I generally mind my own business at the barn. I'm really not above gossip, but I'll just talk to my husband/the internet about it later. I don't usually insert myself into the situation.
For example: the completely unsound horse a boarder insists on riding into the ground and has had to bring in a different vet and farrier than the rest of the barn uses because the regular vet/farrier told her to stop riding the horse. Everyone talks about it around her, but I would never say anything to her face. If she's not going to listen to a vet, she's not going to listen to me.
Of course, I'm lucky that that one person is pretty much the only source of drama at our barn. Everyone else is low-key and easy-going. Mostly because there aren't a lot of people to be a source of drama. There are only 12 horses at our barn and my husband and I own 25% of them. Another 1/3 of the horses are retired. My husband and I are the only ones that show. I love it.
I grew up as a poor kid at a fancy show barn. In college, my polo team was the most ghetto team ever seen on the intercollegiate circuit. We had to duct tape our equipment together. Yale would have horses donated by Tommy Lee Jones and we'd be wearing shirts we bought used from the lacrosse team when they got new uniforms. So I've dealt with all the snobbery and obnoxiousness of fellow equestrians for years. And it's not always about money. I've been at barns where not being into natural horsemanship makes you "not cool." Or wearing a helmet makes you "not cool." Every barn has a thing.
So I like to stick to myself. I do whatever I'm doing and stay out of everyone else's business. I'm still friendly and I'll help out if asked, but I don't try to involve myself.
On Tuesday I was inadvertently involved in other people's drama.
My husband and I showed up to ride and the barn owner and manager were waiting for us. As soon as we parked they asked if we could help get a horse on a trailer. There was a temporary horse boarded at our barn for one month. Since the month was up, he was leaving. We said sure, we'd help. Then we got all the details.
They had been trying to get the horse on the trailer for 2.5 hours. No seriously. I told my non-horsey friend about this later and her first question was, did they think maybe they should stop and take a break and let things defuse at some point. Apparently not.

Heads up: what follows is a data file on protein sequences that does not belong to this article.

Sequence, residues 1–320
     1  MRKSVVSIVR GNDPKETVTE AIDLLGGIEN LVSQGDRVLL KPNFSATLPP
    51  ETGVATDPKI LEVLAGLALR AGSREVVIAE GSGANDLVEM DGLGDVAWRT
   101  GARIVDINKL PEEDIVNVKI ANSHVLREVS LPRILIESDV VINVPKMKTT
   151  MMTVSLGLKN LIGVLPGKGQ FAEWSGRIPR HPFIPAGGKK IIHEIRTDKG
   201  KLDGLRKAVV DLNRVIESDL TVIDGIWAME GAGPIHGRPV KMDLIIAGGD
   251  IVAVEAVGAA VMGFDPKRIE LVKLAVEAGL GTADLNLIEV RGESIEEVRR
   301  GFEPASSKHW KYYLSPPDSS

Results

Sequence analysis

So while the barn owner and feeder were the ones asking us to help, the owner of the horse and the horse's leaser were the ones who had been trying to get the horse on the trailer. In agreeing to help, we had inadvertently stepped into someone else's business. And let me tell you, one of those people was really not happy about it.
The horse's owner had gone to turn the trailer around (before we got there they were planning to take it up into the upper arena to try to get him in there). The leaser was holding the horse standing near us. When we said we'd help she started telling us how she had been using natural horsemanship and had spent hours developing trust and a relationship with the horse. And I was like, great, I'm gonna get a lunge line and pulley him onto the trailer.
And she freaked out. She took the horse, put it back in the paddock, told us she could not be part of this, and then drove off. By the time the horse's owner got back from turning the trailer around, the leaser was gone. Thankfully the owner couldn't have cared less. She basically said she didn't really know the leaser so she didn't care.
So we got a lunge line, set up a pulley, and had the horse on the trailer in about 2 minutes.